Several years ago, when Melinda and I were first married but didn’t have any children, our close friends asked us if we’d babysit their two kids—ages 4 and 20 months—while they went away for an interview at a congregation. We were happy to help them, and I was glad to spend some time getting to know the younger one, my godson. It didn’t occur to me until they showed up to drop them off with a diaper bag, that saying “yes” to this request was going to entail something I’d never done before: changing a diaper.

The total time they were with us was two days and two nights, and I prayed fervently that if James, my godson, had a “movement,” it would occur when Melinda was home on duty with me. But despite my fervent pleas, it still happened. First, I smelt it. Then, he began to complain about it. Melinda was still a good 6 hours from arriving home from work, so I figured I had to be the man with the plan. And if that diaper was going to get off his body, I was going to have to touch that diaper. So, I did, but I confess that once I touched the filled diaper (it was…shall we say?...still warm), I gagged immediately.  I think I gagged about 4 times in rapid succession, actually. I walked into the other room and gave myself a pep talk. Then I decided that it had to be done, and I needed to reach down and find whatever courage I could and get that dirty thing off him. I was the only option.

Jesus is confronted with a similar situation in this morning’s gospel text, but in his case, there doesn’t seem to be any balking, any gagging, and any reaching down into his soul for courage.  He’s Jesus.  He simply reaches out and touches the man, who knows Jesus is his only option. And the implications are much greater than touching a dirty diaper, too. Leprosy (and other skin diseases which were often lumped together under the same title) was considered the most debilitating and alienating of conditions.  People with a skin disease in those days, regardless of how transmissible it actually was, were themselves lumped together and forced to eke out a meager existence at the outermost margins of towns and villages, unable to approach anyone else without first yelling out, so that everyone could hear them, “I’m a leper! Leper, here!”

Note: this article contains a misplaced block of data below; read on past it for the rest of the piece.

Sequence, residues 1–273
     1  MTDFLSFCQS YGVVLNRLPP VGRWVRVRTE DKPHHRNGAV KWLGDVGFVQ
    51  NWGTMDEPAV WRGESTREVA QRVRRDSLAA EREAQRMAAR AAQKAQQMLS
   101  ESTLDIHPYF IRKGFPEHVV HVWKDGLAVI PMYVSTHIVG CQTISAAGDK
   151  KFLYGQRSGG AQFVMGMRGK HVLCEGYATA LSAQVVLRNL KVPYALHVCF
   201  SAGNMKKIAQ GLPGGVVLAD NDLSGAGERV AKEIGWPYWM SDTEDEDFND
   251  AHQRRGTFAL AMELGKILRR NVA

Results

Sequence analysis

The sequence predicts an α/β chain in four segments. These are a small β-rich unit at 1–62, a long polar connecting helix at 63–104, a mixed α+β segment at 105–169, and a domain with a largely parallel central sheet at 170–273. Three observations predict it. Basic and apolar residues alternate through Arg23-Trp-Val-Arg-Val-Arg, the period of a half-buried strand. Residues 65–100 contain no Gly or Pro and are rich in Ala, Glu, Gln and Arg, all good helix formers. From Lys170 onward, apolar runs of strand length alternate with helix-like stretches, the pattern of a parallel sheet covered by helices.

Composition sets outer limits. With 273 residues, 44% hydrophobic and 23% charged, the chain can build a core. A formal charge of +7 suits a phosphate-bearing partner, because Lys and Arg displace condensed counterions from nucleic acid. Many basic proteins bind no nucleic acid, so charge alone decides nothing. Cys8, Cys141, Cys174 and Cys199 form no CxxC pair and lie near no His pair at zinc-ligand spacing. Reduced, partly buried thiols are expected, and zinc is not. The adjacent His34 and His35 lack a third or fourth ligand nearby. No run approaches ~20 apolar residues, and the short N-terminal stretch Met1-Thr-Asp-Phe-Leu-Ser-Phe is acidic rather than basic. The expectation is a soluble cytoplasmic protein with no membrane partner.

In the ancient hierarchical understanding of the way the human body was ordered, skin disorders were considered the worst kind of disorders to have. They affected one’s outward appearance, which was thought to be a reflection of what was inside. Grotesque, contorted features were thought to indicate a grotesque, contorted soul. On top of that, somewhat contradictorily, those with leprosy were thought to be highly contagious. Those determined unclean because of skin disorders had no hope of ever being assimilated into society again because no one would come near them, look at them, much less come into some kind of physical contact with them.  They were one of those things that must not be touched.